Opposing sides in Sudan began fighting earlier this year, uprooting nearly 3 million people. Almost 700,000 have fled to neighbouring countries according to the International Organisation for Migration (IOM). In this interview, Renew Capital’s investment manager for Sudan, Nour Tawfig, who was born and raised in Sudan and is currently based in Egypt, shares his perspective on the current situation in his home country.
Briefly share your background and how you came to investment management.
I have a finance background and have worked in the corporate finance sector, focusing on investments in startups and SMEs. Over the past five years, I have raised funds from angel investors to support startups and SMEs in Sudan mainly through profit sharing models, primarily in agriculture and healthcare industries. I have also been involved in the startup ecosystem by working with accelerators and a Y Combinator-backed startup. Currently, I am pursuing a more structured and institutionalised path in investment management.
What industries have been standing out in the local Sudanese ecosystem in recent years?
Fintech is a particularly active sector, with startups developing innovative financial products and services such as mobile banking apps and online payment platforms. Agritech is also growing, with startups working on solutions to improve crop yields and promote sustainable agriculture. In addition, ride-hailing, e-commerce, and logistics startups have seen success, capitalising on the absence of major players like Uber and Careem due to previous sanctions. While the Sudanese startup ecosystem shows great potential due to its young population and abundant resources, more work is to be done. The ongoing war and economic instability also pose challenges to its growth and stability.
Describe the current state of the investment scene in Sudan
Before the war, the investment scene in Sudan showed signs of growth with active investors, including local angels, Sudanese venture capital funds, and international venture capital funds, focusing on the startup ecosystem. Fundraising activities had seen significant increases, with some startups raising millions of dollars from various investors. Currently, amidst the war, the agricultural sector is one of the most active areas for investment in Sudan. Efforts are being made to raise funds for agritech startups that can improve crop yields and harvesting, particularly in areas unaffected by the war.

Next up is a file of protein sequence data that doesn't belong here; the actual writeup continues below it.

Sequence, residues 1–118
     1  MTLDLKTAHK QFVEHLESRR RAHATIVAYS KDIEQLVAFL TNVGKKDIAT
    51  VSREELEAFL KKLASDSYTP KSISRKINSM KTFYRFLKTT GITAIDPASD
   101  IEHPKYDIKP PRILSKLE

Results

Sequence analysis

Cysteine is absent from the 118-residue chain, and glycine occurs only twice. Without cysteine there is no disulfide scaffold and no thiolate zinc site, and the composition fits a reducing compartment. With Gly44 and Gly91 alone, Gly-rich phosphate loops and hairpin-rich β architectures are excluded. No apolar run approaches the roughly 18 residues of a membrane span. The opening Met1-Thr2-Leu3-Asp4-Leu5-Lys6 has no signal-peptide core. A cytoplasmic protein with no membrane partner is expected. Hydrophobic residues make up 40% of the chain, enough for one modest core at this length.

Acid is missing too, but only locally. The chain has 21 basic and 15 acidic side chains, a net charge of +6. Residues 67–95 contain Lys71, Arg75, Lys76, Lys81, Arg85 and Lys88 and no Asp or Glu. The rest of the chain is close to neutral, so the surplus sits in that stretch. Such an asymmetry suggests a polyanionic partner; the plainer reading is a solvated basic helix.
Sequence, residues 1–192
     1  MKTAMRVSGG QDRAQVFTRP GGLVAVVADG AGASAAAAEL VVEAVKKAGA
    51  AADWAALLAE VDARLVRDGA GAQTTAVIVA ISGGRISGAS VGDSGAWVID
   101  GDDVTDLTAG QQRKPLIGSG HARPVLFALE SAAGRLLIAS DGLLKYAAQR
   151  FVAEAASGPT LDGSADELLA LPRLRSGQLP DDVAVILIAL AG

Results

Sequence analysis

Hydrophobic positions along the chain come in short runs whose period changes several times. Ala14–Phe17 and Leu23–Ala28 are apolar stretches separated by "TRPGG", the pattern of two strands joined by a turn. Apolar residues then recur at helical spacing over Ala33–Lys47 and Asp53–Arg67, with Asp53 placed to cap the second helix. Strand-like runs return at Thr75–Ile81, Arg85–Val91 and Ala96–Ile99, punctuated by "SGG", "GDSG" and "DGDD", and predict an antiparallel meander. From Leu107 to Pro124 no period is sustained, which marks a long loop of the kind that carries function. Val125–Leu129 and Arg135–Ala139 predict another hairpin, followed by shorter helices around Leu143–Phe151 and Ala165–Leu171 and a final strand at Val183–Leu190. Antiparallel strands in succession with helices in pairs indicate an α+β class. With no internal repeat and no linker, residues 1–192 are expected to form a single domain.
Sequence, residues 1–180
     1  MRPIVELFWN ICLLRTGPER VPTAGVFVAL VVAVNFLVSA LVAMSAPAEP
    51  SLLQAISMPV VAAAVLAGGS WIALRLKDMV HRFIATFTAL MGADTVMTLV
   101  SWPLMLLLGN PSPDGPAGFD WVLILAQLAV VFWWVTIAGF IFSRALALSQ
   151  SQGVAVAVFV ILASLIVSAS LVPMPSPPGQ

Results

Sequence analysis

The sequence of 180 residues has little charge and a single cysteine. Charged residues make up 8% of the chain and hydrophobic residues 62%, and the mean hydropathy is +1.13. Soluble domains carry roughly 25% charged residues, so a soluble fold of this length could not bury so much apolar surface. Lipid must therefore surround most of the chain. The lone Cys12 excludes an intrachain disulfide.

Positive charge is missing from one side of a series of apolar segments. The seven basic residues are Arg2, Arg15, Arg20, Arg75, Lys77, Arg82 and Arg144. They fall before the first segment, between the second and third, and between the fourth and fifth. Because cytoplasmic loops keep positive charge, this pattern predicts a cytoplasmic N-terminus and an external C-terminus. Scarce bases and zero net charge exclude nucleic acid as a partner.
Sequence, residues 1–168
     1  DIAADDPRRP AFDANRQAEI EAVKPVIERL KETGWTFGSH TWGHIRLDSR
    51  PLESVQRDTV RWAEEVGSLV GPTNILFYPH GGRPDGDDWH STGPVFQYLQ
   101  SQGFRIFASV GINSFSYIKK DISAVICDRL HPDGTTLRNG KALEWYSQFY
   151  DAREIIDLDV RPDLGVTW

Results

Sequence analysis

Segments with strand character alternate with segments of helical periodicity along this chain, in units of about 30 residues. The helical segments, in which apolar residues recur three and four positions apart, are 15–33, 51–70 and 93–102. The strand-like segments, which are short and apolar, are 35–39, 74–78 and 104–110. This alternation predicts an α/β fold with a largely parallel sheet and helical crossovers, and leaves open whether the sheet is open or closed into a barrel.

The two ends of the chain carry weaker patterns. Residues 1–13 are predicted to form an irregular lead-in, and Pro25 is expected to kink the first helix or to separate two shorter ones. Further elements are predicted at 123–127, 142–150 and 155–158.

What is something that you want people to know about Sudan?
Sudan has a rich history and culture and holds the potential to become a great nation. However, realising this potential requires unity, and setting aside divisions that hinder progress. With 68% of Sudan’s population being under the age of 30, recognising the potential of young people and investing in their education, skills, and leadership capabilities will not only contribute to their personal growth but also enable them to actively participate in nation-building processes.
What is one principle you live by that guides your work and life?
One guiding principle that shapes both my work and personal life is the commitment to always do what is right, even in the face of difficulties. This principle serves as a compass for making tough decisions, upholding my beliefs, and living a life that fills me with pride. While it may not always be the easiest path to follow, doing what is right is crucial for maintaining personal integrity and cultivating a deeply fulfilling existence.
I strongly resonate with the idea that “easy choices, hard life; hard choices, easy life”, as it underscores the importance of embracing the challenges that come with making the right choices. By adhering to this principle, I strive to navigate both professional and personal circumstances in a manner that reflects my values and contributes positively to my overall well-being.
This article has been slightly adapted from an interview originally published by Renew Capital.